While Louis XV was taking care of his health, he promised he would build a church to replace the half-ruined Abbey of St. Genevieve. A dome which is fronted by a Greek temple facade, today known as the Pantheon.
The Pantheon was finally completed in 1789 - the year of the French Revolution. However, due to the lack of funds, the project did not begin until 1755. And the architect Soufflot designed a building based on the Classical prototypes. This is a spectacular product of classical design surmounted by a huge dome.
This church was built to be a vast mausoleum to "receive the bodies of great men who died in the period of French liberty". The windows were closed, thus enforcing the solemnity of the interior. The building alternated between being a church and mausoleum throughout the last century. In 1985, following the collapse of stone work in the vaults, it has had to be closed for an indefinite period. Yet, you can still visit the crypt.
In the crypt lies the mortal remains of Frances honored deads: Mirabeau, Voltaire, Rousseau, Hugo and Zola joined recently by humanist novelist André Malraux.
The most spectacular aspect is the size of the Pantheon. On the ground floor, in the form of a cross, it has a length of 110 m and a breadth of 85 m . The dome with its height of 85m inspired the physicist Leon Foucault to carry out his first experiments with the pendulum in the middle of the 19th century. He wanted to demonstrated the rotation of the earth on its axis.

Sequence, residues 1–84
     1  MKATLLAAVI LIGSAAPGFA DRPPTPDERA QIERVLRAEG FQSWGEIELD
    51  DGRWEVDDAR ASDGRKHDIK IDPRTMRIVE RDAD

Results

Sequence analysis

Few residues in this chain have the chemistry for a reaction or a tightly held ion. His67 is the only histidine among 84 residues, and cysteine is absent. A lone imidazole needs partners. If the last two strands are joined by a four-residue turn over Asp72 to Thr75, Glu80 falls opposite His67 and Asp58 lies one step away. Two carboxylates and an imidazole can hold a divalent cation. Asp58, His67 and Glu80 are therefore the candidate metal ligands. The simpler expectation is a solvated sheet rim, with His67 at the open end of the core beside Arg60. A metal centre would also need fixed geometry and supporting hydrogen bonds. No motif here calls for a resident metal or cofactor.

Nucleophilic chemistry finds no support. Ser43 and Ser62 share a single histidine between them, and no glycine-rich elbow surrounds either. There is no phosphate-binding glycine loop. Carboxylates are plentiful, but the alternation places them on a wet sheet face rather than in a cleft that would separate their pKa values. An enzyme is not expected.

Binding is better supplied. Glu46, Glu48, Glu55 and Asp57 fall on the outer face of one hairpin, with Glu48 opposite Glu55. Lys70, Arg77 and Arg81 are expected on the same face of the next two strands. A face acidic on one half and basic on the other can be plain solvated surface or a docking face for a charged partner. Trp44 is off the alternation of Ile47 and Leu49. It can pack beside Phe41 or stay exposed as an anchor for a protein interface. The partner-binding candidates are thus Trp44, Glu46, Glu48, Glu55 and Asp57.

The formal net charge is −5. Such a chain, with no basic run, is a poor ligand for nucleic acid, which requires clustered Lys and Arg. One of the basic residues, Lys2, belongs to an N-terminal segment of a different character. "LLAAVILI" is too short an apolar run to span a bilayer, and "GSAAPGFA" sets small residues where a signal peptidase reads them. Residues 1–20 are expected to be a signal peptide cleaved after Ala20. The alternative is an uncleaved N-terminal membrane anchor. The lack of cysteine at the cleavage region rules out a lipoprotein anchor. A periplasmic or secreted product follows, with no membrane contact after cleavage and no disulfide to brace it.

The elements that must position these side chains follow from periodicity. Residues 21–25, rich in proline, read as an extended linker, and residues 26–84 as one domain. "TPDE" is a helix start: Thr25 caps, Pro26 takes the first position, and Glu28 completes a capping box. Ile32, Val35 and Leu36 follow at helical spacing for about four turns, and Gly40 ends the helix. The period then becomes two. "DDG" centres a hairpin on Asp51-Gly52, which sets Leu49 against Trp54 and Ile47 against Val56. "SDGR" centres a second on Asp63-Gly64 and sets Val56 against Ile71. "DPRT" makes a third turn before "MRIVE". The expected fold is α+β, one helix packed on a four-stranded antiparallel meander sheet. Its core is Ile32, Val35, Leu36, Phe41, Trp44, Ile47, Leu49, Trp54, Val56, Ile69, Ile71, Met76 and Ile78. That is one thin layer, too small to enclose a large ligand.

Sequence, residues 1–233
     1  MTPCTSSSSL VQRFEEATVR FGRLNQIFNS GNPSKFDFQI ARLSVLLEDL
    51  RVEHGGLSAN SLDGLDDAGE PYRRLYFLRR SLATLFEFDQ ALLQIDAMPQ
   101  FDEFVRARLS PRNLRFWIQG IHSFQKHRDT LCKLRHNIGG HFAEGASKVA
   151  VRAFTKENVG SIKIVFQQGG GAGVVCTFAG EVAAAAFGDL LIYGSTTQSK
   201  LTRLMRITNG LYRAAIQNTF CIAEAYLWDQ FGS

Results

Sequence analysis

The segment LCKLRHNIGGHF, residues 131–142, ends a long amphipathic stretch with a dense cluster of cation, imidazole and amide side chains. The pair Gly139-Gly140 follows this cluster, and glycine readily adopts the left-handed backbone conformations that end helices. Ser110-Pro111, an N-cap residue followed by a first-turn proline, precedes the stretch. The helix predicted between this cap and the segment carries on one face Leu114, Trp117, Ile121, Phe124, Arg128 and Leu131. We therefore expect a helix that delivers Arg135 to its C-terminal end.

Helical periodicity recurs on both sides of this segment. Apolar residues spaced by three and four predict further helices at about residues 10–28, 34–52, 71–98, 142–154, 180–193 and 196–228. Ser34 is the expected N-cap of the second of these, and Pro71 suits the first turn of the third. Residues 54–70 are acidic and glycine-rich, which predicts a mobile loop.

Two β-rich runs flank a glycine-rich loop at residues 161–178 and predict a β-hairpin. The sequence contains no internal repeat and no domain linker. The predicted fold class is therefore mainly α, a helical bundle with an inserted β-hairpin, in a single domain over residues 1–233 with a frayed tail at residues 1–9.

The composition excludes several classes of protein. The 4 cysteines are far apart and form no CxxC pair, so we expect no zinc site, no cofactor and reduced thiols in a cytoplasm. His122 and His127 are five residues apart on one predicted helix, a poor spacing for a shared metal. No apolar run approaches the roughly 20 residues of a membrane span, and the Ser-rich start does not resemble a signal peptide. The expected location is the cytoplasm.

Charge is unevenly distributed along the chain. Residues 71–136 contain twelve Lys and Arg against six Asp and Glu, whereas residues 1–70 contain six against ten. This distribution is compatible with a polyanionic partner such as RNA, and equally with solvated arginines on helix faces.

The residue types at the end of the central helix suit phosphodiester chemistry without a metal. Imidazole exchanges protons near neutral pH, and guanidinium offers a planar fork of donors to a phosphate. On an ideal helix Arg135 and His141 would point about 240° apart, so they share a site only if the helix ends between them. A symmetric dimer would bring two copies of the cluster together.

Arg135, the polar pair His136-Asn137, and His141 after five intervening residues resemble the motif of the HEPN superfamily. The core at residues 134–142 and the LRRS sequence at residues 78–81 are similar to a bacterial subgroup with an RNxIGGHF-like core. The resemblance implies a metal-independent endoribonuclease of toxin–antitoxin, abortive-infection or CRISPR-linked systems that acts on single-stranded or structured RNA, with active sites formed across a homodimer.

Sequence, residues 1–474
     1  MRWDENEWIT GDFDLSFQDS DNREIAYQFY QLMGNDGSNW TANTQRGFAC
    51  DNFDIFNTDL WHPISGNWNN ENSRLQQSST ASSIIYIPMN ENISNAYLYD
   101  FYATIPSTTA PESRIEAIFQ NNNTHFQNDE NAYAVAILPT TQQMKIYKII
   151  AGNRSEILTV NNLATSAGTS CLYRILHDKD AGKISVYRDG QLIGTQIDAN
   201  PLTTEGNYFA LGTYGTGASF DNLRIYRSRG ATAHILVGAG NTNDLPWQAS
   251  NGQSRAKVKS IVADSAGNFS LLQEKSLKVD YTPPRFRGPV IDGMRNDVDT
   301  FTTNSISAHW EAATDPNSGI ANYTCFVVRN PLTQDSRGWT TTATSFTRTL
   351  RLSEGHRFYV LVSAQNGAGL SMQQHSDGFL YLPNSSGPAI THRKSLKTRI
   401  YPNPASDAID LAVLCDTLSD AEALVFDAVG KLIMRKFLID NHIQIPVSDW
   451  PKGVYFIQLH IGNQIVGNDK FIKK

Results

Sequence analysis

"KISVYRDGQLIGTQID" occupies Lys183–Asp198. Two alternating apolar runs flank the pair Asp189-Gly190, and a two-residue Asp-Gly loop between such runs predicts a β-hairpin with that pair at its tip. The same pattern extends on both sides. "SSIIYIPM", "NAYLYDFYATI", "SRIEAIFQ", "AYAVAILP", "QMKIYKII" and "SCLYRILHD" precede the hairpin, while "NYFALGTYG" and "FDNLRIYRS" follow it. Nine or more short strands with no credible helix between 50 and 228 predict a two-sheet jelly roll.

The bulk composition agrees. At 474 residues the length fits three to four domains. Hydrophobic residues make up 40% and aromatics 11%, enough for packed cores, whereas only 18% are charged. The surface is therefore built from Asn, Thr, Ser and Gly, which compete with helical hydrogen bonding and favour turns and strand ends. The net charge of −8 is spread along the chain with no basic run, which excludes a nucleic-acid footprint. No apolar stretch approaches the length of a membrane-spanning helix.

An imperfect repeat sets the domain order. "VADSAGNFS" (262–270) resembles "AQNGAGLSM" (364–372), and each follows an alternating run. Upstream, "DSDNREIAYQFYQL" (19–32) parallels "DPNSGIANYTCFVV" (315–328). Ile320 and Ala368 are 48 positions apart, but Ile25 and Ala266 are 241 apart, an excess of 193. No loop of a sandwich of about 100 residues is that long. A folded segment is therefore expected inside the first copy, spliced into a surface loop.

In the neighbourhood of the Pantheon on the corner of rue Clovis, lies the sixteenth-century church of St.-Etienne-du-Mont. This church combines Gothic, Renaissance and Baroque elements. Here, contains the shrine of Saint Genevieve. This contains the shrine of Ste.Genevieve. The space is divided into three aisles by free-standing pillars connected by a narrow catwalk, and flooded with light by an exceptionally tall clerestory. The only rood screen in Paris is also in this Renaissance-style building. The clock tower Tour Clovis is in the Henri IV Iycee at the side of the church. This is the last surviving part of the Abbaye Sainte Genevieve. You reach the Sorbonne along the Rue Cujas. Founded by the canon Robert de Sorbon, confessor to Saint Louis, this building still contains a section of the Arts Faculty, and some of the offices of the Paris Academy.
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